Happy Birthday Sam Winchester!

In celebration of one of our favorite Winchester’s birthday, we’re looking back over Season 14 and how far Sam has come – and at the incredible acting of Jared Padalecki that has brought Sam to life so vividly and made us all fall in love with him. Every guest star who has ever been on Supernatural has talked about their surprise to find that the leads of the show, even after all this time, are not just “phoning it in”. That they care so much about this show and these characters that they “bring it” every single time – even when it’s someone else’s coverage.

At this point, they’ve talked about how it’s not exactly like acting anymore – they know these characters so well, they can just become them. And it shows.

So on Sam Winchester’s birthday, here’s a look back at Season 14 entirely in screencaps – which tell the story of Sam’s emotional journey and of Jared’s incredible acting talent.

Early Season 14 found Sam grieving the loss of his brother, possessed by the archangel Michael and lost to Sam. Hence what the fandom lovingly dubbed the ‘beard of brotherly grief’. On a totally shallow level, Jared looked hot like FIRE – but on an emotional level, he made it achingly clear that Sam was in incredible pain. It shows in his every expression, in the look in his eyes, in the way he carries himself. My heart broke for him.

Jared can portray pain like nobody else – physical pain, the way he did so authentically in Red Meat, and emotional pain, as he’s had to do for much of this season.

In the midst of his own grief, Jared also showed us the empathic side of Sam. Sam Winchester has a tremendous ability to put himself in other people’s shoes, no matter who they are. He’s done it with Rowena, and thus has developed a sort of bond with her. He’s done it with Jack, creating a closeness and making Sam a father figure to Jack.

Dad!Sam

In one early episode of this season, he even reached out in empathy to Nick, understanding all too well what it means to have been possessed by Lucifer.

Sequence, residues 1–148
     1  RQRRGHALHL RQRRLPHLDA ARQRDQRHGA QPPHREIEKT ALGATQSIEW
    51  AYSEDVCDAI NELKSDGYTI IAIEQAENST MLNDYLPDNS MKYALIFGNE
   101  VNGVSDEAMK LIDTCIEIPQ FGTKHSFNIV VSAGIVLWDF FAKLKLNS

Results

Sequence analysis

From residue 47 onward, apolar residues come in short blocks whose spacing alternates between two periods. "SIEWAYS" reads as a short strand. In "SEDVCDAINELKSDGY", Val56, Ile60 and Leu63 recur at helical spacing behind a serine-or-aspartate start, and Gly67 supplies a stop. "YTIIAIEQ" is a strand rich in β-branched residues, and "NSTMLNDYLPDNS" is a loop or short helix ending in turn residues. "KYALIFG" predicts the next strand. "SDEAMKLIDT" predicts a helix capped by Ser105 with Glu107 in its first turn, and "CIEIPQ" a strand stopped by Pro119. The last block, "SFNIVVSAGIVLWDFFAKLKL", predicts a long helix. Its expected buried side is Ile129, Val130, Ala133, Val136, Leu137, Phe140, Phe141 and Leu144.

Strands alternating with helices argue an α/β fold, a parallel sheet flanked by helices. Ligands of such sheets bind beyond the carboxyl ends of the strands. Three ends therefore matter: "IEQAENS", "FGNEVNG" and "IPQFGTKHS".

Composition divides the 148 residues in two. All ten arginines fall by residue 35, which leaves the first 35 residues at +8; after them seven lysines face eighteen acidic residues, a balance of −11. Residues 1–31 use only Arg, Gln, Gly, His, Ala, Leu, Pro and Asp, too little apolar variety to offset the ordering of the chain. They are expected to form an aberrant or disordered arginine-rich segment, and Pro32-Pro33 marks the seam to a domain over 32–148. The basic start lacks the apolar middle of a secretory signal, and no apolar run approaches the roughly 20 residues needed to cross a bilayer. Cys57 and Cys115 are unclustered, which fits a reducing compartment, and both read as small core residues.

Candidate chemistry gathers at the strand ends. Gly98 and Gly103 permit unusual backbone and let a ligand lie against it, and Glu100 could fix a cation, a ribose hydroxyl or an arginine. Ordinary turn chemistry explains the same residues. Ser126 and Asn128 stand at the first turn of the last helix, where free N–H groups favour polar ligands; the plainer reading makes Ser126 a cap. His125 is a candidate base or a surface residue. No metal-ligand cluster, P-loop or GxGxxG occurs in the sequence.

It clearly cost Sam so much to do that — Nick was wearing Lucifer’s face, bringing back all of Sam’s own trauma and PTSD — and Jared shows us every bit of that, without a word needed. A flinch, a fleeting expression, and we know.

Sam having to confront his brother, knowing it was Michael and Dean was trapped inside, was clearly painful for him too. There wasn’t even any dialogue about it, but just one look – and you knew.

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Are These Twenty Things Wrong with Sam and Dean?

 

There’s an article over on ScreenRant  provocatively titled “20 Things Wrong with Sam and Dean Everyone Chooses to Ignore” which has a lot of people talking today. I rarely weigh in on other people’s articles because everyone has a right to their own opinion when it comes to this fictional show and these fictional characters – your interpretation, my interpretation, YMMV. And considering its provocative title, the controversy is probably exactly what the author was going for. A number of people have weighed in in the comments and made some very good points, so I also don’t want to belabor those points, but I will admit that when I got to the No. 1 thing I started shaking my head so fast I nearly gave myself whiplash. Then a few people asked me to weigh in with my psychologist hat on, so I thought, why not. However, my fangirl hat is definitely on as well, so I look sort of funny right now balancing two hats at once.